The instant you step off the launchpod and into the grand Atrium of the Halcyon starcruiser, you know your reality has shifted. The grandeur of the space, an opulently appointed double-decker room with circular chandeliers and rounded red-velvet benches, hints at the in-world history of the ship. And while the room is central to the story that unfolds for passengers in the 45-hour immersive entertainment experience, the Atrium itself is but the conduit to all that awaits. Behind sliding doors and in the corners of winding hallways, passengers soon find themselves in the presence of familiar aliens, armored stormtroopers, and other key elements that make it clear that you’re no longer just watching Star Wars happen on screen — you’ve stepped inside the story.
First conceived by Walt Disney Imagineering in our galaxy as Star Wars: Galaxy’s Edge was being created for Walt Disney World and Disneyland resorts, Star Wars: Galactic Starcruiser’s innovative nature dates back about a decade to the seed of an idea that would merge elements of existing entertainment and recreational experiences into one all-new innovation. It’s a formula for creative storytelling as old as Star Wars itself. Just as George Lucas first remixed and reimagined his favorite elements from sci-fi serials and Hollywood westerns, Star Wars: Galactic Starcruiser, now open at Walt Disney World Resort, borrows elements of live-action roleplaying games, live theater, and a real-life cruise to create something wholly unique and new.
Walt Disney Imagineering executive producer and creative director Ann Morrow Johnson remembers the eureka moment when the idea first snapped into focus. Several Imagineers had been passionately brainstorming about a highly-immersive hotel experience with story elements playing out before patrons, when someone said, “Well, aren’t you really talking about a cruise-style model?” Johnson recalls. The construct allows passengers to board and disembark as a group, creating a community onboard during their two-night stay and controlling some of the chaos with clear starting and ending points. “This is not just a Star Wars story,” she adds. “It’s about the mode of operation facilitating the structure of a story that can play out in a way that passengers can really participate and understand. I know how to go on vacation on a cruise. I know what that model feels like. And to use that as the sort of structure to hang the rest of the pieces on was the moment where it felt like we could really put this together.”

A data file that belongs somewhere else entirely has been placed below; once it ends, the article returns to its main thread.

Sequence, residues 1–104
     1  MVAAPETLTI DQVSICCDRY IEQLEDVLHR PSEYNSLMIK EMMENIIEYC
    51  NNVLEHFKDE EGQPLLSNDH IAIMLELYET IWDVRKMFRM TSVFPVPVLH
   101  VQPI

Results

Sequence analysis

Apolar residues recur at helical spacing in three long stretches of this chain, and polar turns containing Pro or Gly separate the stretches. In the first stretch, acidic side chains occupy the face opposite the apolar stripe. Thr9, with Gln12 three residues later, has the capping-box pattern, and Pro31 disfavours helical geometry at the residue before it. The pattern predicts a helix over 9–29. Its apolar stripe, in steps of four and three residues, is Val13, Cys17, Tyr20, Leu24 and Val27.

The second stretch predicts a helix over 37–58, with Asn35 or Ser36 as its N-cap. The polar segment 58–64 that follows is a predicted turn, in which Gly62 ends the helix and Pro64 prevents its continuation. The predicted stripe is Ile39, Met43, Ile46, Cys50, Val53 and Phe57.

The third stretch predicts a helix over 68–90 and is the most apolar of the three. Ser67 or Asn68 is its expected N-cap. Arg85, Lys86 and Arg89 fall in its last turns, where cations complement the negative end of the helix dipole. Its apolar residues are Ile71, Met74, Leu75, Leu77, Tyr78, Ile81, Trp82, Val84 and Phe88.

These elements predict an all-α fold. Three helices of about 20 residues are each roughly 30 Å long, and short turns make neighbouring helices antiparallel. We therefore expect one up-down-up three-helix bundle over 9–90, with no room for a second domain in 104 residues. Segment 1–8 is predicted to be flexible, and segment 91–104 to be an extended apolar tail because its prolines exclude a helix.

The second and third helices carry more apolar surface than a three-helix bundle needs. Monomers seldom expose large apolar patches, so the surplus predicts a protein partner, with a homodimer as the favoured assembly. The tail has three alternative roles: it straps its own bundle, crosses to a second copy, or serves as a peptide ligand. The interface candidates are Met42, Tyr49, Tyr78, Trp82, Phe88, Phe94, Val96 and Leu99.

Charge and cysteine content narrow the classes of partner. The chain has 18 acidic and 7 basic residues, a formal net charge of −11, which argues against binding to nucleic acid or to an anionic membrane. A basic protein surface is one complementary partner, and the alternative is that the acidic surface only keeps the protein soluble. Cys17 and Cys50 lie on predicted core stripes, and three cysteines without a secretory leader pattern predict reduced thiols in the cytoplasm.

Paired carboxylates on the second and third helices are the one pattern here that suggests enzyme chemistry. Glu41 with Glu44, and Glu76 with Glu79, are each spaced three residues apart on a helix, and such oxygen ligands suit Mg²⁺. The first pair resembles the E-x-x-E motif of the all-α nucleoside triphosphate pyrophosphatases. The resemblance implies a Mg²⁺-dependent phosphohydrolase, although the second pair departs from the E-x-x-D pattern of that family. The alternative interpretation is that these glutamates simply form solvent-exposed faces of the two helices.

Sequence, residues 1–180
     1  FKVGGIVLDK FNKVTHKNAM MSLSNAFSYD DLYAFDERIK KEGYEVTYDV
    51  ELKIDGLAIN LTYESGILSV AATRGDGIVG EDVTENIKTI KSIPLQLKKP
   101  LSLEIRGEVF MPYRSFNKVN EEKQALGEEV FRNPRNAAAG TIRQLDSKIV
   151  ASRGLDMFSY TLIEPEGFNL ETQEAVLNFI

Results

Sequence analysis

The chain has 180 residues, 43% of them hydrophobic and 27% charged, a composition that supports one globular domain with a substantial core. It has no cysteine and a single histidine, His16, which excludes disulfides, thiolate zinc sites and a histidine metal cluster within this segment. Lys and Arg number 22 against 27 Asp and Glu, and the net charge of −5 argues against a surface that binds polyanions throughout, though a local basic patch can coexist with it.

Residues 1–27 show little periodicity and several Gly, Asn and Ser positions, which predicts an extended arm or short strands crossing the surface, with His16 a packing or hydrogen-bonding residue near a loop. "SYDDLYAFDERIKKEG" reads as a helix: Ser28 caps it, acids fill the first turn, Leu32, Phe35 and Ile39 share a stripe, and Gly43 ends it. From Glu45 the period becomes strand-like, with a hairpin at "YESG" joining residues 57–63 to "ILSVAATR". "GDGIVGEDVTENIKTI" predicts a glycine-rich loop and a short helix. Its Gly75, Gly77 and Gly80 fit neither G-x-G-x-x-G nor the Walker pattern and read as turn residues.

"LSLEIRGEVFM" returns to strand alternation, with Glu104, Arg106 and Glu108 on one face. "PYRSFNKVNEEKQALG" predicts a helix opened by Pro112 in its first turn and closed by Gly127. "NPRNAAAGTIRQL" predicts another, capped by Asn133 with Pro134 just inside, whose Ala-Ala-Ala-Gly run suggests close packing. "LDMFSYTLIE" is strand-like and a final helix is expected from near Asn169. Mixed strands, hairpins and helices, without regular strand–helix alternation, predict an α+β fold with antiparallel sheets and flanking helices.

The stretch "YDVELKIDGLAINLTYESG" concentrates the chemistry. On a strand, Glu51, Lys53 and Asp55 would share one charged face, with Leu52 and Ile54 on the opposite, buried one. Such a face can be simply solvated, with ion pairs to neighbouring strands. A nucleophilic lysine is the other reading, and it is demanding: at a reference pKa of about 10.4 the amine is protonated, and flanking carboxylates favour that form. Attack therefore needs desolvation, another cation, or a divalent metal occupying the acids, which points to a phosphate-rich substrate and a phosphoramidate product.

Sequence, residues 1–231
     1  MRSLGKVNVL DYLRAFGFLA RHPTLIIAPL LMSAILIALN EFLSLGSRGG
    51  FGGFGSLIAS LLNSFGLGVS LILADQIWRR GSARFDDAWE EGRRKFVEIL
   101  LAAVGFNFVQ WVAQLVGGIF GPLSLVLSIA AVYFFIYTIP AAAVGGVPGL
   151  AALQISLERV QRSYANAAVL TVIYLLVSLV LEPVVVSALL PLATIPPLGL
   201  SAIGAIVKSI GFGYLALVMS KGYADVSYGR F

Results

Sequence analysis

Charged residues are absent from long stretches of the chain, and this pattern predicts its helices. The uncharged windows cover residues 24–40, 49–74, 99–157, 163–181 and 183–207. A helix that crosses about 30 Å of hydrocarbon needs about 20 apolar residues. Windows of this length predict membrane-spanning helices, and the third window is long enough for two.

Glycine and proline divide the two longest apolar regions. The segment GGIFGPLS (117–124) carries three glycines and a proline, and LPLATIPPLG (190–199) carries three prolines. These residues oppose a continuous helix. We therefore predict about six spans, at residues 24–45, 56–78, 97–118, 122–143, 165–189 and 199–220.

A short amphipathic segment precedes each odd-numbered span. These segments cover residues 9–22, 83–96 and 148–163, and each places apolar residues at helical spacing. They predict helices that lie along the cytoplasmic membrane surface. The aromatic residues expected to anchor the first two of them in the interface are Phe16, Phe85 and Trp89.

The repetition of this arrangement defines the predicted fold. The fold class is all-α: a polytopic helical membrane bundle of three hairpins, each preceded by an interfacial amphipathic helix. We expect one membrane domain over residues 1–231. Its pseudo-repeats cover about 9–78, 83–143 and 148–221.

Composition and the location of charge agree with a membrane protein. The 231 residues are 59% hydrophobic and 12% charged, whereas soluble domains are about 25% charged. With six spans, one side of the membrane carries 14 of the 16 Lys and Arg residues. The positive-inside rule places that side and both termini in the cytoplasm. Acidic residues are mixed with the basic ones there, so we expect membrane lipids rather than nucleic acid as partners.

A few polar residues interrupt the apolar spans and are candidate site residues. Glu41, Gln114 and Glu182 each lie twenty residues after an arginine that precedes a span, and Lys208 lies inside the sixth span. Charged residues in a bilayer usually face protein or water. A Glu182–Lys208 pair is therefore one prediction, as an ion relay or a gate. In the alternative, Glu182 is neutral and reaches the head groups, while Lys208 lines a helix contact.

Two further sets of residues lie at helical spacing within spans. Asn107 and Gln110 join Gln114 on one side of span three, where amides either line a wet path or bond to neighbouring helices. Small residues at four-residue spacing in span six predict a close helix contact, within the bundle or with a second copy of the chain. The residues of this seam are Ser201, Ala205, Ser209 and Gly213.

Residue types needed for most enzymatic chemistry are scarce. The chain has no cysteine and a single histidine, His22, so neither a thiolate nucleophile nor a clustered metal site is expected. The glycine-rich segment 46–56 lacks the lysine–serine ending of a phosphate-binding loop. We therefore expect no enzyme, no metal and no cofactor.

Scott Trowbridge, portfolio creative executive from Walt Disney Imagineering, says his team had been considering something of this caliber since before Lucasfilm was acquired by The Walt Disney Company. “This is an idea that we started thinking about many, many, many years ago,” Trowbridge notes, tracing its roots back to a strategic think tank he was leading at the time. “We were thinking about new ways to do immersive experiences and pretty quickly we settled on this idea of ‘wouldn’t it be cool if we could create some kind of a long-duration Star Wars experience?’ When Lucasfilm joined the Disney company, it became ‘Oh, well, now we should kind of get serious about this and really think about how we could bring Star Wars to life in a deeper, more immersive way.”
The playful nature of the experience comes alive through a multitude of interactive experiences. With guidance from the crew and a handy datapad, passengers meet Captain Riyola Keevan and her crew, purveyors of a humble Chandrilan vacation cruise ship. But before Keevan can close out her welcome message at muster, the First Order arrives. As it turns out, everywhere the Halcyon has docked, a pocket of Resistance has bloomed. Suddenly, passengers are thrust into the center of the action, an integral part of the story unfolding all around the storied vessel. “Choices matter,” Trowbridge notes. You alone must decide if you are loyal to the First Order, a kindred spirit of the Resistance operatives, or something in between — from a member of the underworld to the esteemed Force-wielding Jedi.